“Really good” thinking then becomes devising a strong argument for our side’s superiority versus another country, race, group, political party, or religion. It seems we must have our other!  (Center for Action and Contemplation, June 2, 2019)

Back to the creation story, what does the Lord say to himself at the end of each day’s creation?
               God saw that it was good.

Everything that God made he saw as good. If God made it, there was no way it could be bad. Could evil be in the eye of the beholder?

After centuries of spiritual evolution, we still ponder the issue of evil in our world. Here are strong statements from three holy Christians, giving us an insightful perspective about the coexistence of good and evil.

Julian of Norwich, Revelations
We are securely protected through love, in joy and sorrow, by the goodness of God. . . . All shall be well, and all shall be well, and all manner of things shall be well.

St. Paul, Romans 8:28
We know that all things work together unto good for those who love God, who are called according to his purpose.

Thérèse of Lisieux
Everything is a grace!

To hear them, it sounds as if they are unaware of the real presence of evil. Rather, what they’re saying is, “Yes, evil exists. But that doesn’t mean that it must triumph! These three saints know how to confront evil, certain as they are of God’s faithful and loving providence.

True, we have shut ourselves out of Eden, this good place, where ignorance had truly been bliss. In our pride, we claim to possess the secret of the good. In the arrogance of our presumed knowledge, we set ourselves up as the Supreme Judge of what is right and what is wrong. Mostly, we find ourselves in the right and others in the wrong. No longer is everything good.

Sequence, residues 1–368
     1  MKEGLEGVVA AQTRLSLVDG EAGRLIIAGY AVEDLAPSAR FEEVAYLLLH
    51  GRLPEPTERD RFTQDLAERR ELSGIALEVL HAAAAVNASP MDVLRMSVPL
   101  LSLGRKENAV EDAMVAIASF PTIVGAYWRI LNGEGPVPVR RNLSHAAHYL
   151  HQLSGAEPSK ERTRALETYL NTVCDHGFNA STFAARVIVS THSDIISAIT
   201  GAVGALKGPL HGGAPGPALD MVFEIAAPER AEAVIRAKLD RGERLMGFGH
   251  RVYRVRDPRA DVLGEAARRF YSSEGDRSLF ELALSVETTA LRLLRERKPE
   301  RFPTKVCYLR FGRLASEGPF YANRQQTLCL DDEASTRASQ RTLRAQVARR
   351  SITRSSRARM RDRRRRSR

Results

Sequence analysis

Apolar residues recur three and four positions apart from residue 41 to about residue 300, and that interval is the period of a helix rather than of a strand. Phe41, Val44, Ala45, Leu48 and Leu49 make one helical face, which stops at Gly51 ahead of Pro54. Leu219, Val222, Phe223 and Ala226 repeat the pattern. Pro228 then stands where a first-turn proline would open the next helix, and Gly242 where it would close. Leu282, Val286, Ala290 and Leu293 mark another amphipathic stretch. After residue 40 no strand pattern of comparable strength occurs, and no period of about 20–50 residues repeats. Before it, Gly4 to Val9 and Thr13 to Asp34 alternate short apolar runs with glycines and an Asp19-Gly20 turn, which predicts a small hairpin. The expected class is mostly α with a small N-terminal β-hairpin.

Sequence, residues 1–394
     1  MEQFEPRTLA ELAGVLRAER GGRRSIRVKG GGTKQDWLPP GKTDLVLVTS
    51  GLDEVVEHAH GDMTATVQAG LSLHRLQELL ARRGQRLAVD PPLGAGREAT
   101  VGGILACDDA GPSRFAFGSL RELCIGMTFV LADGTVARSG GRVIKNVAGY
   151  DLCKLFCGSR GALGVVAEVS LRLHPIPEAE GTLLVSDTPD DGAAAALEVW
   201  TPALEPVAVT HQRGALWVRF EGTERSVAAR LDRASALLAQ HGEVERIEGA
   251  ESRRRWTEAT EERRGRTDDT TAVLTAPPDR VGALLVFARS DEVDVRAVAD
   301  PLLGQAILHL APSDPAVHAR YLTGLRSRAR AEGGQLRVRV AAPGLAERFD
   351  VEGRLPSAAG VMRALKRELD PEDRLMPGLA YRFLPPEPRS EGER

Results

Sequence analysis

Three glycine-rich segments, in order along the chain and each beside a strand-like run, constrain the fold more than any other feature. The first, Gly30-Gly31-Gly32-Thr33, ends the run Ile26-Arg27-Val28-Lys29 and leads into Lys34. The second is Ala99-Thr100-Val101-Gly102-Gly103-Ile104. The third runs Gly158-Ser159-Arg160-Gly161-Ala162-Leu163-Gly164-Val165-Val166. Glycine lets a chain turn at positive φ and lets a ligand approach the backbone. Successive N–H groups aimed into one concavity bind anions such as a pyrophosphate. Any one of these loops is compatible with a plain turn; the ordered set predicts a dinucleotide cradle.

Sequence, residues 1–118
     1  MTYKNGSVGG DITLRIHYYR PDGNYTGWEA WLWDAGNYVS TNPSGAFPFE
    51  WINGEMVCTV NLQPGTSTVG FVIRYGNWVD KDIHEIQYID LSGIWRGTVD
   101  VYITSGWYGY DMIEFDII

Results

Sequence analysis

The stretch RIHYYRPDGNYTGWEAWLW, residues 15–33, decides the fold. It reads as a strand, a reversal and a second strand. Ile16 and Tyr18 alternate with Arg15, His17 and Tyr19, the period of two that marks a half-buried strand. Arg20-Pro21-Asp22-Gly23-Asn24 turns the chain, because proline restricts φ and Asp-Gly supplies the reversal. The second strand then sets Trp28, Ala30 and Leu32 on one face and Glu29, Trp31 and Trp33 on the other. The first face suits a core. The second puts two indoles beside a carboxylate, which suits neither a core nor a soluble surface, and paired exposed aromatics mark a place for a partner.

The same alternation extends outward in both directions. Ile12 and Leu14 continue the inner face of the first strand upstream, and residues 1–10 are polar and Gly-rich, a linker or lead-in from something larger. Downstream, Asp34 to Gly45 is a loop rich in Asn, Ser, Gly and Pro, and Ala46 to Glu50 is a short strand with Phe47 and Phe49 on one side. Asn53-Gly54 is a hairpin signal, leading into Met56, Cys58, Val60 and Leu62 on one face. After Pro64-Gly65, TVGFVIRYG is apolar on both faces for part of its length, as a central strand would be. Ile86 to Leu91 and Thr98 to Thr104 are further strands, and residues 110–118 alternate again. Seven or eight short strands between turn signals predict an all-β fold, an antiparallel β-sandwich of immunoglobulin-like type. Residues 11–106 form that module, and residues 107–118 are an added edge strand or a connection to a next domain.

Thus was division, dis-unity, born. From division came wars, oppression, and even a divinity who takes sides as we pray for enemies to be slaughtered and for ourselves to be given the means to slaughter them. We have made for ourselves a god who has our same  biases.

In the Beatitudes, however, Jesus teaches us how we can transcend a variety of negatives and use them as keys to the kingdom of God. The poor will be given the kingdom . . . the meek will inherit the earth . . . the merciful (forgiving) will receive mercy.

Can evil be transformed into good? Hardly. Can we escape evil? Not while on this planet.

Instead, by allowing God to nurture his presence in us, we are enabled to find greater intimacy with God, even in the presence of evil. Accepting God’s grace which is his life in us, all things – even evils – can truly work together unto good.

What might have been a fatal error, in Christ has become a happy fault.